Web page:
Franck Vialet, architect: Design buildings for future 'upgradability'
Concrete is the material of the future because it is sustainable – but only if we think about what will happen to it over the long term when we pour it, says Franck Vialet, associate architect with VIB. Concrete buildings can last 60 years or more, therefore they should be designed for 'upgradability' and recycling – allowing for change of use over time to extend their life.
Concrete is an inherently architectural material, says Vialet, because it is robust, has attractive aesthetic qualities, can be used in massive forms yet appear light, and offers unlimited freedom of shape. New forms of concrete, such as fibre-reinforced, bring added versatility.
But in using concrete, architects should consider the environmental and social implications, particularly the carbon footprint. This can be reduced from a lifecycle point of view if buildings can be made to last longer. To ensure this, architects need to design spaces that can be upgraded and recycled – to which concrete is well suited. Office buildings could be turned into homes or vice versa, and parking lots may need to be repurposed if transport technology and habits change.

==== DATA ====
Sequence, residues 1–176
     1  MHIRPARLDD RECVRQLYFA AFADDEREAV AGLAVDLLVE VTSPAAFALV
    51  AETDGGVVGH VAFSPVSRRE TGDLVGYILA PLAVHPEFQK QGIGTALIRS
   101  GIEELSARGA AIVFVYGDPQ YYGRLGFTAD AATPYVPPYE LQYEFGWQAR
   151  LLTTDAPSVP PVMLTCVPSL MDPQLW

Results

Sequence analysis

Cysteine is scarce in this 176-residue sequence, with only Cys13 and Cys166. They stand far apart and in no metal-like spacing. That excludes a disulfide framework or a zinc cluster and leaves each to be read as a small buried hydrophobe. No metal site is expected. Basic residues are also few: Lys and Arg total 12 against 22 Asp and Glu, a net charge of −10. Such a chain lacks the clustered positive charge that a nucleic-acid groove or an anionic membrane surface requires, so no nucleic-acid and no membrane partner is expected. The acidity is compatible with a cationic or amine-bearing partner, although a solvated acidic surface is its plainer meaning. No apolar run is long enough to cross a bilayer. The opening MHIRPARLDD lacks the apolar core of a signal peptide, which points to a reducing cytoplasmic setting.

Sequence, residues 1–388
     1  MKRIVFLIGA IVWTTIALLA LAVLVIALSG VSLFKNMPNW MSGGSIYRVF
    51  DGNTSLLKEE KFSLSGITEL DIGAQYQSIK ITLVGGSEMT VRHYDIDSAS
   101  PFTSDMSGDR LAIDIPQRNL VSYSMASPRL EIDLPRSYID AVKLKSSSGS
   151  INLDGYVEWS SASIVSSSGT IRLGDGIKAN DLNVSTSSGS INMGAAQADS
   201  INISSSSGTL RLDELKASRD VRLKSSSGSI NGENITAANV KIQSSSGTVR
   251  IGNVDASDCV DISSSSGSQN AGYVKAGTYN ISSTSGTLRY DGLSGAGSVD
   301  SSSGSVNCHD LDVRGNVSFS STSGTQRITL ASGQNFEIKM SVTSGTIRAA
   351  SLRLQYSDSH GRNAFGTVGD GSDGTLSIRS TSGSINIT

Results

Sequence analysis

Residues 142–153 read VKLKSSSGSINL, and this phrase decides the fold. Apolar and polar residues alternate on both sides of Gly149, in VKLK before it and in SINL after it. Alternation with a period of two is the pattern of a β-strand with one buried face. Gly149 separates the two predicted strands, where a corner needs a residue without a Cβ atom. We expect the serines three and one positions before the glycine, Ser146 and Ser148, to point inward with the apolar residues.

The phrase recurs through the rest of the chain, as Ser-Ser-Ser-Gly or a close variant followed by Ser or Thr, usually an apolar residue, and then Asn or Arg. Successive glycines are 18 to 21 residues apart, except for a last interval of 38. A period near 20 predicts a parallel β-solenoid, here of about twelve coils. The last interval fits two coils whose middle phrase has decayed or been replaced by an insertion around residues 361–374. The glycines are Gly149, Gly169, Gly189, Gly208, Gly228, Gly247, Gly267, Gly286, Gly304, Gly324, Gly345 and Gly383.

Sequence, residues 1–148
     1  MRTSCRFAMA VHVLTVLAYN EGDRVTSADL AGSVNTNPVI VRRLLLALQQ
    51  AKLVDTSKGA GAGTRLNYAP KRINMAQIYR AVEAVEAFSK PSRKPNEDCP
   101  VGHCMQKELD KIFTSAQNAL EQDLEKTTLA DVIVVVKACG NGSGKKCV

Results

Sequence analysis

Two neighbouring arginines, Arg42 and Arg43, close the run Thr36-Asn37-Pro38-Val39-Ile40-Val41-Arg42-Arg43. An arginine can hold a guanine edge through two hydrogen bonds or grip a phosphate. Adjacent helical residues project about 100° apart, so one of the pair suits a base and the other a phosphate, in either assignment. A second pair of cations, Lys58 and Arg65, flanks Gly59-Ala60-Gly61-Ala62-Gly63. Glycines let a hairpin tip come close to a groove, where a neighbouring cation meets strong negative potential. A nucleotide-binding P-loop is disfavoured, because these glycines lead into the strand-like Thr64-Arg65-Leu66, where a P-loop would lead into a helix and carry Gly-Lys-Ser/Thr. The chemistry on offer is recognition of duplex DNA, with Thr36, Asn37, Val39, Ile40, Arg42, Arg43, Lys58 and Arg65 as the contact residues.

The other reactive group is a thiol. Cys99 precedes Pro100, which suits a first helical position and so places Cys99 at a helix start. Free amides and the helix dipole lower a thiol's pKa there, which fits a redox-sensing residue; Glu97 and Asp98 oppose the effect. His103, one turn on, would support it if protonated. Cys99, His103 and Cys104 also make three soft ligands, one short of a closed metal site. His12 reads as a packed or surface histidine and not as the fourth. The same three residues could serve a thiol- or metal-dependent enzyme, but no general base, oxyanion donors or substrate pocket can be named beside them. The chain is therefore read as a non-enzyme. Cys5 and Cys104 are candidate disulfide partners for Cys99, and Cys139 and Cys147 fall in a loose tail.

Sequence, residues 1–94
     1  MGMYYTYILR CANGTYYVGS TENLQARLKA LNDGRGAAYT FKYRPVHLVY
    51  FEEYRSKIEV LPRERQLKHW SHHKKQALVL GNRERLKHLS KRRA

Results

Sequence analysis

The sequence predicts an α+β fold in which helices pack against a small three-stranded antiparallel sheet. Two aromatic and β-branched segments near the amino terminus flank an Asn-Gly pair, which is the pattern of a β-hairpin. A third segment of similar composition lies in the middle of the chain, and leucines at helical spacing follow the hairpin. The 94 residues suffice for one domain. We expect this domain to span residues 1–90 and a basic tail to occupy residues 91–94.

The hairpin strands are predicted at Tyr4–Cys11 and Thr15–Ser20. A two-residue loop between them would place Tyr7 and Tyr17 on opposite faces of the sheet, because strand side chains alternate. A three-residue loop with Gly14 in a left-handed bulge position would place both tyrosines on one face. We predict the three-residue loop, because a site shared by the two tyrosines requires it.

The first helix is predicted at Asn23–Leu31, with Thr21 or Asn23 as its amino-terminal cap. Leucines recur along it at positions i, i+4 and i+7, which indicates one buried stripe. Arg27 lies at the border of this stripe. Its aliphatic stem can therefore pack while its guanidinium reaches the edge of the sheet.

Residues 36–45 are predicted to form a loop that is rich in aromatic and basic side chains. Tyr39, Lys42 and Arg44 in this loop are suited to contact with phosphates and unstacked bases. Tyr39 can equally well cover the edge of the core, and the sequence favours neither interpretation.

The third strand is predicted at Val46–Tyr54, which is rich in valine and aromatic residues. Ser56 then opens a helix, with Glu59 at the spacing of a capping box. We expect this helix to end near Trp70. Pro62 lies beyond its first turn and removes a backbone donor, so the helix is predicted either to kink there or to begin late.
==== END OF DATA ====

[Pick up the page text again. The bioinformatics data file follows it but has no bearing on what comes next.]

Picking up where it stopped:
This approach requires longer-term vision and investment, which the financial sector is not particularly geared for. And governments are pushing for faster and cheaper construction, which risks repeating the mistakes of previous generations where badly designed buildings have had to be demolished prematurely. Cities are complex, and in the end there is no one-size fits all solution. Architects will each develop their own solutions with concrete, says Vialet .
Vialet was speaking at a round table event on new uses and functions of concrete for the benefit of society at World of Concrete Europe.